Putin & new German chancellor Scholz admit differences
Germany's Chancellor Olaf Scholz has visited Moscow and met with President Vladimir Putin for the first time since taking office, to discuss energy security and the possibility for de-escalating the ongoing crisis around Ukraine.
Putin hosted Scholz on Tuesday, where the two met for just over three hours, according to Kremlin Press Secretary Dmitry Peskov. Afterwards, the two gave a joint press briefing, during which both leaders stated the need for continued dialogue between Russia and the West, despite the significant differences between the two sides.
The German leader stated that the accession of Ukraine to NATO, which Russia has strongly advocated against, is not currently on the table, and said that while every country should be allowed to choose its own alliances, "but still, we should look at reality and that is: there is a conflict that we want to de-escalate. That is the task of the hour."
Scholz also said that he hoped that a Tuesday announcement that Russia was bringing home some of its troops from Belarus, where they had been deployed near the Ukrainian border, was a sign that further withdrawal would follow. However, he warned that if an invasion did take place, there would be "harsh consequences" for Russia.
Putin told journalists that the two leaders' discussion had been "business-like," and said, "I got the impression that the Federal Chancellor is also disposed towards further pragmatic and mutually beneficial cooperation with Russia." He added that energy deals play a crucial role in the two countries' relationship, and that Russia currently supplies more than a third of Germany's gas and oil.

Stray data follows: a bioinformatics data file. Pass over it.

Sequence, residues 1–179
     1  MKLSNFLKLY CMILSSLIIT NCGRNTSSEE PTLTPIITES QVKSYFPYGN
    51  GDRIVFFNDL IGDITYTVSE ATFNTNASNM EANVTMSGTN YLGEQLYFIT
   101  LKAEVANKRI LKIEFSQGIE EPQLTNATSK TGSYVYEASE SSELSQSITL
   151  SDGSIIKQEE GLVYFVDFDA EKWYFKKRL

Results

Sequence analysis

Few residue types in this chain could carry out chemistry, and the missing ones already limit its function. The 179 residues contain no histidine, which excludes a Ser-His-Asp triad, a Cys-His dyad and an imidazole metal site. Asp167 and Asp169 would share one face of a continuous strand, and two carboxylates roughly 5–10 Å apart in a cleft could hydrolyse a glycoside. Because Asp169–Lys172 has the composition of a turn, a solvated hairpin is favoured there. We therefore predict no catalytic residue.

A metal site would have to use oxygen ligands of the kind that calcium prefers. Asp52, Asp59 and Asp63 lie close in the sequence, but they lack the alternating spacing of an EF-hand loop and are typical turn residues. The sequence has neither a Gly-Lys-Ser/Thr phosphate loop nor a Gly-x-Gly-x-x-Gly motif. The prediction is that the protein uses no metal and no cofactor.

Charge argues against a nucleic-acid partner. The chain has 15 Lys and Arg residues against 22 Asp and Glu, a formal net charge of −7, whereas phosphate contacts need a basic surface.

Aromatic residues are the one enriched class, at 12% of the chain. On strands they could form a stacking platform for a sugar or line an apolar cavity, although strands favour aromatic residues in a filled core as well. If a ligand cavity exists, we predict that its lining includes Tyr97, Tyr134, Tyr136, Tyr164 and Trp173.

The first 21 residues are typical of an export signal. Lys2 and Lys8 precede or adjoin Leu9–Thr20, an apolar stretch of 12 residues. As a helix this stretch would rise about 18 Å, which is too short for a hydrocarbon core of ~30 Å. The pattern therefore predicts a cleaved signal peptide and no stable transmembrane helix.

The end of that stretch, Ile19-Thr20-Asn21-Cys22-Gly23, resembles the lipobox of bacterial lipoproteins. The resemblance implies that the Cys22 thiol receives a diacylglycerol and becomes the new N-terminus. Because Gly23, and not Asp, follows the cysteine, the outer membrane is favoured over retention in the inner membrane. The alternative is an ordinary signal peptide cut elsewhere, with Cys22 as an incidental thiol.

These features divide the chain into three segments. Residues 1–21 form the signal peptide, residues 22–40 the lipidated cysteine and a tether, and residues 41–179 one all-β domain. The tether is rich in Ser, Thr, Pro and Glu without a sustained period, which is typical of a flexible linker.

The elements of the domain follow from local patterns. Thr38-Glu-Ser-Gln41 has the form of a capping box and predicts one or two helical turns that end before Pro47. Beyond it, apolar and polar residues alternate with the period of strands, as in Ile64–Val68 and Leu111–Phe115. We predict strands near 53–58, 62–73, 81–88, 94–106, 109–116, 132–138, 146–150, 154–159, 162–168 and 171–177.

Scholz's visit, which followed a trip to Kiev on Monday, comes amid heightened alarm about the possibility of a Russian attack on Ukraine, which Western leaders have been warning about for months. This weekend, officials from the US and UK indicated that they believed a war could start at any moment, and some media outlets have reported that Moscow is planning to invade on Wednesday. On Tuesday, the Russian ministry of defense announced that it was withdrawing some of the troops it had dispatched to Belarus for joint military exercises, which are scheduled to end February 20.
Russia has denied that it has any aggressive intentions, and has called for security deals that would limit the expansion of NATO, the US-led military bloc, into Ukraine, a proposal that Western negotiators have rejected. On Monday, Russian Foreign Minister Sergey Lavrov said that Moscow was "dissatisfied" with Washington and NATO's response, but that he still saw the possibility for further dialogue.